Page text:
But last night one scientist demanded greater transparency over the number that shut down swathes of the UK.
Carl Heneghan, Professor of Evidence Based Medicine at Oxford University’s Nuffield Department of Primary Care, expressed scepticism over the 70 per cent figure.
He said: ‘I’ve been doing this job for 25 years and I can tell you can’t establish a quantifiable number in such a short time frame.’
He added ‘every expert is saying it’s too early to draw such an inference’.
Professor Heneghan said there was no doubt this time of the year, the ‘height of the viral season’, was a difficult time for the NHS. But he said failure to put out the basis of the figures was undermining public trust.
He added: ‘I would want to have very clear evidence rather than ‘we think it’s more transmissible’ so we can see if it is or not.
‘It has massive implications, it’s causing fear and panic, but we should not be in this situation when the Government is putting out data that is unquantifiable.’
He added: ‘They are fitting the data to the evidence. They see cases rising and they are looking for evidence to explain it.’
The new variant was found on September 20 in Kent.
By mid-November, 28 per cent of cases in London were attributable to it. And in the week starting December 9, it was responsible for 62 per cent.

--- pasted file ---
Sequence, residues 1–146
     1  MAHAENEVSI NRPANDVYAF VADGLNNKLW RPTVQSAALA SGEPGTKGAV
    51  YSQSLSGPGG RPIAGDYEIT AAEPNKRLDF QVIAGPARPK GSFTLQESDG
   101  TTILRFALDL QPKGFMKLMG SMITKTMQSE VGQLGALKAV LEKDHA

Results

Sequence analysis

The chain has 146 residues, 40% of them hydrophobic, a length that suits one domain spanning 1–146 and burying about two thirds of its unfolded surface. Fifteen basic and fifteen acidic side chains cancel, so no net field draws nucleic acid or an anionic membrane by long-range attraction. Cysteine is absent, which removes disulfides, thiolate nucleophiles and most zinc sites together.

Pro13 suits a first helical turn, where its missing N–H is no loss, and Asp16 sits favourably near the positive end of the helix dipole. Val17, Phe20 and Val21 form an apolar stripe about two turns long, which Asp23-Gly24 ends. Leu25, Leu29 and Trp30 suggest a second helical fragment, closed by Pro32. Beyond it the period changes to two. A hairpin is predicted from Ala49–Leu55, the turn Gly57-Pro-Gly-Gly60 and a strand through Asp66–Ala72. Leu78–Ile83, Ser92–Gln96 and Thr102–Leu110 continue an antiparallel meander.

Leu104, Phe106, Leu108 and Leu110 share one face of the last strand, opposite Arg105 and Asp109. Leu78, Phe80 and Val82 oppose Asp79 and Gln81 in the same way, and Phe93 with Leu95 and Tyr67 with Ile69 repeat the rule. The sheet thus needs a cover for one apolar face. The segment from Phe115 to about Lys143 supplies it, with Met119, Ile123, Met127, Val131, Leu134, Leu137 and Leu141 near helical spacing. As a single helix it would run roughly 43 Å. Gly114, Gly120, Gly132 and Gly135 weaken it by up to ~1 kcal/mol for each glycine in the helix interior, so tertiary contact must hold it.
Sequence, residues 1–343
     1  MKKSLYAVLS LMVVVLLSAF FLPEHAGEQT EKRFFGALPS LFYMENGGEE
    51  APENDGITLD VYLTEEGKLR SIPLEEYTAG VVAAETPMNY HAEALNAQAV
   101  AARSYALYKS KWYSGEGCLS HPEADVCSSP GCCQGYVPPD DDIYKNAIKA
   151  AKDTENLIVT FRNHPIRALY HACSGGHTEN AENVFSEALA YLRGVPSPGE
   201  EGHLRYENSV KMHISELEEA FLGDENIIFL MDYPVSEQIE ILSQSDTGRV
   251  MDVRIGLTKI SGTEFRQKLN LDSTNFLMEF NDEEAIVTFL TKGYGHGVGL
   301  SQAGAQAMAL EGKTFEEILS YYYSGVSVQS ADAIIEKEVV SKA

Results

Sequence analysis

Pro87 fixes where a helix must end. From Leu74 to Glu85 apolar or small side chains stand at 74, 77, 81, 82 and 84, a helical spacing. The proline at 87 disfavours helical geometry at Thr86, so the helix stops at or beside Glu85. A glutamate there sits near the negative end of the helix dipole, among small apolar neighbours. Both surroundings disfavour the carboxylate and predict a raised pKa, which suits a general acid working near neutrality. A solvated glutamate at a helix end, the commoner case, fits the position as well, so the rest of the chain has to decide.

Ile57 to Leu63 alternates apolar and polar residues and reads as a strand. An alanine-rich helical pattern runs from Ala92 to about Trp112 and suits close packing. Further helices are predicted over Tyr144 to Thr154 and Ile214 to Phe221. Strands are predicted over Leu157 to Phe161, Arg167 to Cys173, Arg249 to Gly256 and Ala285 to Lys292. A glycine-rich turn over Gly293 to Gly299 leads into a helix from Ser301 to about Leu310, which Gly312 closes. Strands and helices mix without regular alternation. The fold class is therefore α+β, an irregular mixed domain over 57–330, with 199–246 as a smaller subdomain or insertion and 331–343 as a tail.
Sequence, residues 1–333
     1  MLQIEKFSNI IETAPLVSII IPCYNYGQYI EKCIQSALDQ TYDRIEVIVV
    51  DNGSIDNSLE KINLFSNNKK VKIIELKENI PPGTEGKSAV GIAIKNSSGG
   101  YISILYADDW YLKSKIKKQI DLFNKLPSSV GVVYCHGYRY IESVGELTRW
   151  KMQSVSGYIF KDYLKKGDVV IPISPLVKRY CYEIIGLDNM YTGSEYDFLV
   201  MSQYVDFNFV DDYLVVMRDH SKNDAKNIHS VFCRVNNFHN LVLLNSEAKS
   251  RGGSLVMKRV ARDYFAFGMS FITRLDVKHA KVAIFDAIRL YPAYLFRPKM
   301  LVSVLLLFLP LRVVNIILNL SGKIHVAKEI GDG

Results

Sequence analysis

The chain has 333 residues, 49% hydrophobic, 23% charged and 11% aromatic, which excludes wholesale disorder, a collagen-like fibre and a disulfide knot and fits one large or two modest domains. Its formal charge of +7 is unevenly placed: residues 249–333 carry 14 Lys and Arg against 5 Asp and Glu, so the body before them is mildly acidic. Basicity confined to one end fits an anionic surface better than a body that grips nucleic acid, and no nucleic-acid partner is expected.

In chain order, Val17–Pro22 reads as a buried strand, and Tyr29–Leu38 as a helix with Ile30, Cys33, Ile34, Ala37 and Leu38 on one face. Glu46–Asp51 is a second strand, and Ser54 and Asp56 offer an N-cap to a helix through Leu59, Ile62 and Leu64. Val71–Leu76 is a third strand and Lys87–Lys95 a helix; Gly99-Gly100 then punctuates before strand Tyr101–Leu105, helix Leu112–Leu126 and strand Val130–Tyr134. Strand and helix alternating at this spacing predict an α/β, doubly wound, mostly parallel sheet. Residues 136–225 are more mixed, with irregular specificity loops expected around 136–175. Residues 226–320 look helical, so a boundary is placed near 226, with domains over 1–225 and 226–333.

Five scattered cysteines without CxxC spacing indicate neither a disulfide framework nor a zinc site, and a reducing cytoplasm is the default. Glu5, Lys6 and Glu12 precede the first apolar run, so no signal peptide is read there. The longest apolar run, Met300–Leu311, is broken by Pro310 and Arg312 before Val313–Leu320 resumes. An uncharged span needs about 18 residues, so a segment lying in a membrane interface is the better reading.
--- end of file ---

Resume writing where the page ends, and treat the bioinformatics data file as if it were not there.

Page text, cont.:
Announcing the new Tier Four restrictions, Boris Johnson blamed the new Covid strain and said ‘it may be up to 70 per cent more transmissible than the old variant’.
He also said the new virus could boost the reproduction rate – known as R – by 0.4. When R is above 1 the virus is increasing. If it is below 1, it is decreasing.
Mr Johnson said the figure, which came from analysis by government advisory body The New and Emerging Respiratory Virus Threats Advisory Group (Nervtag), was ‘early data’ and ‘subject to review’.
But he added: ‘It’s the best we have at the moment.
‘We have to act on information as we have it because this is spreading very fast.’
Peter Horby, chairman of Nervtag and Professor of Emerging Infectious Diseases at the Centre for Tropical Medicine and Global Health at the University of Oxford, said the figure of 70 per cent was based on ‘converging data’.
He said: ‘This is including, but not limited to, the rate of change in the frequency of detection of the variant (the growth rate) and the correlation between R values and the frequency of detection of the new variant.’
Minutes from the Nervtag meeting from December 18 said they had ‘moderate confidence’ that the new variant, known as VUI-202012/01, ‘demonstrates a substantial increase in transmissibility compared to other variants’.
The variant demonstrated exponential growth when national lockdown measures were in place, the minutes added.